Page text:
Studies show SIP panels create more energy-efficient, tightly built homes. On average, SIP homes use about 15 percent less energy to heat than a frame house, according to Home Energy Magazine Online ( ).

They also require less labor to install. A lot less. Sorby says it took one worker manning a Genie Lift to hook the whole structure together.

SIP systems "cost more on the onset, but you save more in labor," she says.


The home is heated with radiant heat, which runs through a concrete slab. The ground-level floors are a slightly burnished and polished concrete, which Sorby says are almost zero maintenance. She stained and finished them herself.

The home's main great room/kitchen is open and airy, with a bank of windows flanking one wall, a door that leads out to a screened porch and a 20-foot-high ceiling. The ceiling is covered with wide pine planks finished in a light, pickled-oak stain - also applied by Sorby's two busy hands.

Eye on the bottom line

Throughout the home, Sorby opted for details that set her house apart from the status quo.

For instance, she installed exterior lights - inexpensive silver light fixtures with caged glass - as interior lighting. They add a Cape Cod touch to the pewter collections, hook-rug wall hangings and artfully battered antiques here and there.

An antique dealer at the Moorhead Antique Mall, Sorby has filled her home with favorite finds as well as old family furnishings. Many, like the dry-sink-turned-changing-table-turned-entry-hall-table, are weathered and worn.

Sorby likes it that way. She finds these pieces wear the charming patina of age, and they can't be ruined by two active, growing sons.

The ground-level floor plan also includes an open kitchen with quartz-topped island, hickory cabinets and stainless steel appliances.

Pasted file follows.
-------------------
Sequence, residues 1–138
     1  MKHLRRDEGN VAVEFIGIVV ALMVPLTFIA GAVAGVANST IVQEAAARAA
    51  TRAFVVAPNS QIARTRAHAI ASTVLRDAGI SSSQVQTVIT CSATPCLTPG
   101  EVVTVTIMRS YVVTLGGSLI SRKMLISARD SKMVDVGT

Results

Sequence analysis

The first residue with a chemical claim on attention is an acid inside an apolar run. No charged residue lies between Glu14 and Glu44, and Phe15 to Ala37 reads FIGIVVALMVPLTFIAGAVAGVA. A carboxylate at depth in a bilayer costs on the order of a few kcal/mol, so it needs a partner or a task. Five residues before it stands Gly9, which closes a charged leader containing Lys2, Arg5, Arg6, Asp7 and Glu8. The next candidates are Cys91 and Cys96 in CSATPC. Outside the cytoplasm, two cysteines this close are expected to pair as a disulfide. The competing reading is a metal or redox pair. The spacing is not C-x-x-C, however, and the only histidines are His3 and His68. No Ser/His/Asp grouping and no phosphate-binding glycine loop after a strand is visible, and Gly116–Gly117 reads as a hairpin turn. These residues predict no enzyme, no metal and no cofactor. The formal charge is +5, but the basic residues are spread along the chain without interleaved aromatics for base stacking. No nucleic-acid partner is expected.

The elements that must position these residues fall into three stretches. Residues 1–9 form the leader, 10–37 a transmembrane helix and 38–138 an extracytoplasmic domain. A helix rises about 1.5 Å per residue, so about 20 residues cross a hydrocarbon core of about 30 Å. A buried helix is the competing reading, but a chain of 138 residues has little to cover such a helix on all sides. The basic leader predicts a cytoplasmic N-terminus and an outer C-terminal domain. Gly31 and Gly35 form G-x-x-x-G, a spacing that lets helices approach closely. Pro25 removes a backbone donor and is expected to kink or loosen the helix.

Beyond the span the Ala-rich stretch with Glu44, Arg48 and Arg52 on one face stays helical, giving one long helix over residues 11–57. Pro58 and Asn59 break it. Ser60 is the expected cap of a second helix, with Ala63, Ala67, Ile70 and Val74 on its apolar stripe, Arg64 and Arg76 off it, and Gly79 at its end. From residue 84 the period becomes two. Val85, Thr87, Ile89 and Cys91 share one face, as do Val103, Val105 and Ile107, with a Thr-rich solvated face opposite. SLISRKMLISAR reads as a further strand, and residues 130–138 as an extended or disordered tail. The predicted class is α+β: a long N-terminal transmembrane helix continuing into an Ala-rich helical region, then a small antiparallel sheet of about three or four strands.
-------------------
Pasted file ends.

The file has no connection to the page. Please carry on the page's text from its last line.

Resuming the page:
Also on the first floor are a hall bath, utility room/entryway and Sorby's master suite. In keeping with her love of antiques, it features an antique hook-rug over a reproduction antique bed, plus an artful arrangement of antique mirrors over the bathroom vanity. The bath leads right into a roomy-but-not-palatial walk-in closet.

Upstairs, the lofted TV room leads into a second-floor bath and the boys' rooms. Each "man cave" comes complete with its own recliner, work desk and flat-screen TV.

The second level is heated by mini splits, which are ductless, energy-efficient heating/air conditioning systems. Compact electric heaters, designed to look like old-fashioned wood stoves, add auxiliary warmth.

The wide pine planking in the ceiling is used extensively throughout the house. That includes the boys' closets, built and painted to look like exterior buildings, and the floor in the TV room.

Sorby proudly points out the thrifty finds she has used to furnish her house. They include large, high-end Pella windows that she got through a builder's auction for $100 and a trendy vessel sink she found at Lowe's for $20.

In the kitchen, she points out a walk-in pantry, which provides a lot of storage yet was less expensive to build than extra cabinetry.

"I always look at money and value," Sorby says. "I don't like overkill."

Sorby's cozy, charming house seems like the ideal place to call home. Still, her initial plans to stay there a while already are shifting.

"I'm getting itchy again," she says, with a wry smile. "I've been looking at flood houses. They're such a good deal."

Readers can reach Forum reporter Tammy Swift at (701) 241-5525

Related Topics: MOORHEAD